|Picture: Bhutan Observer|
I was in Class V when the first – and the oldest – choeten in my village lost its nangten (relics). Then, the people in my village did not know what it was. Was it vandalism? Theft? Robbery? Sacrilege? It was simply beyond their knowledge and imagination. The police were, however, immediately alerted. Two uniformed men rushed to the site, looked into the small empty hole in the choeten and left. Barely a year later, another choeten in the village was robbed of its nangten. Once again, everybody looked into the empty hole in the choeten and went back home.
Within a few years, my village became poorer by a few of its treasured choetens. Although the holes in the desecrated choetens were routinely plugged by village masons, there was nothing the villagers could do. And, indeed, there was nothing the government could do.
When more choetens lost their nangten, the government resorted to the only preventive measure it could think of. Consequently, village chipoens (now called tshogpa) spent sleepless nights guarding choetens in their localities. It helped. And that eased the initial sense of anxiety and wariness resulting in the relaxation of security. After a few years, the choetens were completely left on their own. The nangten hunters re‐emerged.
By that time, the desecration of choetens did not touch the people as much as it had. Their duty was now only to report the case to the government, and, of course, fill up the empty hole. The government did investigate the case and imprisoned some perpetrators for life, but most of the time, the whole ritual was all about looking into the empty hole and filling it up.
Now, after more than fifteen years, we hear the same story. Every year, more choetens lose their nangten, and we keep updating the list. The latest news is from Pemagatshel – the desecration of an old choeten in Khar Gewog. But that is not all. The dzongkhag has lost the nangten of 17 choetens in the past one year – seventeen choetens in a year. It is not just in Pemagatshel Dzongkhag. The unfortunate malice plagues the other 19 dzongkhags too.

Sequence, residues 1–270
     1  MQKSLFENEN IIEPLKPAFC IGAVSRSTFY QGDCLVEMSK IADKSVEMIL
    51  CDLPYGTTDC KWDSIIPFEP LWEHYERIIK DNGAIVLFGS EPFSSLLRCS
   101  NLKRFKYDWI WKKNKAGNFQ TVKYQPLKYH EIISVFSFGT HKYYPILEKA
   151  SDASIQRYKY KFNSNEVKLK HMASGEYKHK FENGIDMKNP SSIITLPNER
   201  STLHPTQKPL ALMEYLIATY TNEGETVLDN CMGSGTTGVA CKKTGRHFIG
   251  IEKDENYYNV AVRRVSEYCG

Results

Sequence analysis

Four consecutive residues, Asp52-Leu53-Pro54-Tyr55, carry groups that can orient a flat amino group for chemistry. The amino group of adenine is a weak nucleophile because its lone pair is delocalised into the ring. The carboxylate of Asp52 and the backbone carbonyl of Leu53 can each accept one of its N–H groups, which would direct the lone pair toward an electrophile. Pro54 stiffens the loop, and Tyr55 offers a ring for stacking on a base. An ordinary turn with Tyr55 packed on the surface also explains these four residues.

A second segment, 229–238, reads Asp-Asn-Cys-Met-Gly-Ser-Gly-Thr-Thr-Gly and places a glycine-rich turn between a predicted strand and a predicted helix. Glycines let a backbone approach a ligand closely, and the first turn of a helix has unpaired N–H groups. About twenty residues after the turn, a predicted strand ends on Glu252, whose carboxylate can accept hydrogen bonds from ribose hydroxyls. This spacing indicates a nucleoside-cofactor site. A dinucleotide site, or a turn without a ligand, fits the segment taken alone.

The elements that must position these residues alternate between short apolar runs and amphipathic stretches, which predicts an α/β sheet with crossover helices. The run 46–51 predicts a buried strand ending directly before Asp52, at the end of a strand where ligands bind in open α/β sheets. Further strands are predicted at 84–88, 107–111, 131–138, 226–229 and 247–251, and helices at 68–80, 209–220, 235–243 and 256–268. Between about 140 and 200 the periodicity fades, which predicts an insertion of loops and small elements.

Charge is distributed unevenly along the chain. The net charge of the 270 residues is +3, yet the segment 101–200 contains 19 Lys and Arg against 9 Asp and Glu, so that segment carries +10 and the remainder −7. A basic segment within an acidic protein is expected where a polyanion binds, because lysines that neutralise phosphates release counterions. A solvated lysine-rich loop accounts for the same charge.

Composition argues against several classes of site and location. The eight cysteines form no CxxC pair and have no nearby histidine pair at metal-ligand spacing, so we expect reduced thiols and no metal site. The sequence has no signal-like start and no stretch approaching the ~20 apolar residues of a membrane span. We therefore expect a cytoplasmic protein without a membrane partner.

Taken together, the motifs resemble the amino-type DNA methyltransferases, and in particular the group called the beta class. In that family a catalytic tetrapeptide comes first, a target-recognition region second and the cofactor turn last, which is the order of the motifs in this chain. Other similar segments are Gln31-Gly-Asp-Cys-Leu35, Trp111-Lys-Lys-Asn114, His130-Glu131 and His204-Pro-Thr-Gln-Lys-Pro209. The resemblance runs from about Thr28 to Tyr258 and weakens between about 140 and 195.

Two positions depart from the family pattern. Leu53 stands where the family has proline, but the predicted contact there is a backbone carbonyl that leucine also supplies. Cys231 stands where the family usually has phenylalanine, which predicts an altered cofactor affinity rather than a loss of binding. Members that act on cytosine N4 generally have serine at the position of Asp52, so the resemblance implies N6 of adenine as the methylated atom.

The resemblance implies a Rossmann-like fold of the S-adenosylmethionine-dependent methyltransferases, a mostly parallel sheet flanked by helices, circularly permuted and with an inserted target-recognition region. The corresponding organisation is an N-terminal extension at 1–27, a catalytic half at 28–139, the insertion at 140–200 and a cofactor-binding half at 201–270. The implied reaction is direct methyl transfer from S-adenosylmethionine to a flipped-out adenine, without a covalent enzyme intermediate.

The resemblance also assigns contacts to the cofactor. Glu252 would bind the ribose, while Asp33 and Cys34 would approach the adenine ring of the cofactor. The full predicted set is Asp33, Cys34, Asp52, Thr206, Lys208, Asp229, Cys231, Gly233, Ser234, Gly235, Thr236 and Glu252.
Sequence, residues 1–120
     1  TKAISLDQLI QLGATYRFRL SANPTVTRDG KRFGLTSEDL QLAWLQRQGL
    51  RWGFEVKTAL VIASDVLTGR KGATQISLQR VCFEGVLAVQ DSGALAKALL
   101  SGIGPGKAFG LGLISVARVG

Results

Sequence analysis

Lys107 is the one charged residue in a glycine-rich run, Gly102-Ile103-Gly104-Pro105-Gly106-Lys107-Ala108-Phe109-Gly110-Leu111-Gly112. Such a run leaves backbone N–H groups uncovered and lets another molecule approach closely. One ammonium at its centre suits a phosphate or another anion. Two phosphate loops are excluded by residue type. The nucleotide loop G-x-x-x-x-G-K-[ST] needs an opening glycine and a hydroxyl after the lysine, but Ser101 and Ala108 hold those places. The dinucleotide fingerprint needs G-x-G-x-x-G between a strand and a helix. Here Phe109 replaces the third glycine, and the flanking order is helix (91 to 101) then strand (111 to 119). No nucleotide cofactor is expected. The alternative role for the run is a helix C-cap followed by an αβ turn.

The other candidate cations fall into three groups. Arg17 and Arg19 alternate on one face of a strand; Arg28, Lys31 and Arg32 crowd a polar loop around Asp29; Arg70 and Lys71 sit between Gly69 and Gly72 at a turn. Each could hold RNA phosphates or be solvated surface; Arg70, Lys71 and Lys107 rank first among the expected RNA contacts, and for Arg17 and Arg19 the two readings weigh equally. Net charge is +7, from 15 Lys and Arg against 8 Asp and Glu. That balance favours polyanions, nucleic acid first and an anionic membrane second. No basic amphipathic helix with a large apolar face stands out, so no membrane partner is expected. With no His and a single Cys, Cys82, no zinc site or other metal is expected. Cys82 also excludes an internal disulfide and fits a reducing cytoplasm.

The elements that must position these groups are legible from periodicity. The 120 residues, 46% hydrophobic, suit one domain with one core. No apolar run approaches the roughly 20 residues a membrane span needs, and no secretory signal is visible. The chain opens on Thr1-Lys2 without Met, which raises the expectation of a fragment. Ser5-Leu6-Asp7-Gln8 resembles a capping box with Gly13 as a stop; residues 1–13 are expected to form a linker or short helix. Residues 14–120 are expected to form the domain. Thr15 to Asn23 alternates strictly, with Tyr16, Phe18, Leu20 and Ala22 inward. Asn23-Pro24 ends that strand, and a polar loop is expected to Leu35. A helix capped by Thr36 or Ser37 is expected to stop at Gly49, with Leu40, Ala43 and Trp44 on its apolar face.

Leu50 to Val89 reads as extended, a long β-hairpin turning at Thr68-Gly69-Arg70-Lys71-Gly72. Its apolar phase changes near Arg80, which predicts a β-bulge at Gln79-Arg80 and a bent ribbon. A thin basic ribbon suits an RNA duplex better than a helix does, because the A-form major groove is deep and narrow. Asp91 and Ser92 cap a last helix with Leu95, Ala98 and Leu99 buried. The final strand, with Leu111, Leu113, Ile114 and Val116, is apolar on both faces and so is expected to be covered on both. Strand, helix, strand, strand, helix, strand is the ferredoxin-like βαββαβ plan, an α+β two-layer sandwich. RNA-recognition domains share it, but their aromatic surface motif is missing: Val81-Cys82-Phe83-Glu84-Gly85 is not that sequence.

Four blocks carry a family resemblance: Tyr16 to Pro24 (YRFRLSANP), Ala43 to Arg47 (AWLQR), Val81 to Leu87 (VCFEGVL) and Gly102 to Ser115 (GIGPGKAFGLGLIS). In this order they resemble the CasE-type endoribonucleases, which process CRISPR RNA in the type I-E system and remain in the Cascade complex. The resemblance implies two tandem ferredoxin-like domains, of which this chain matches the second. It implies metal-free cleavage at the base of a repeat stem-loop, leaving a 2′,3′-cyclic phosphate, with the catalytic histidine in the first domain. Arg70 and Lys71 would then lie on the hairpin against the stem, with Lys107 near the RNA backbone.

However, choeten robbery in Bhutan seems to be the same old news now that it barely weighs heavily on our national conscience. Seventeen choetens in a year is alright, says a religious friend of mine when I share the Pemagatshel news with him. Alright? More than a choeten a month, and alright?
In fact, less important issues have occupied our people more than the robbery of our choetens over the past several years. The National Assembly did seriously deliberate on it once. But the deliberation did not result in any wise decisions to tackle the menace except confining the perpetrators to life imprisonment. That is only correct, but when the evil cannot be stopped, or even curbed, the whole issue calls for more concrete actions. And what action has our government taken?
Taking actions is, however, one thing, and talking the issue is quite another. Since when did the government stop talking about choeten robbery? We continue to talk about our cultural heritage and spiritual values. But if what constitute our cultural heritage and spiritual values are not the subject of our talk, what are we actually talking about? If we forget talking about an issue, there is no question of taking action.
However, from a different perspective, one might argue that we have done enough. We have filled up the holes and even plastered with cement desecrated choetens. But, even though the mended choetens may look better, they are not as good as the original ones. So, essentially, the actions we are taking at the moment are not worth it. They are, in fact, a symptom of our love of the body and disregard for the soul.
In short, the issue is about what we are thinking as much as what we are doing. We should remember that we are not just talking about the loss of the nangten of our choetens, but the loss of our national nangten.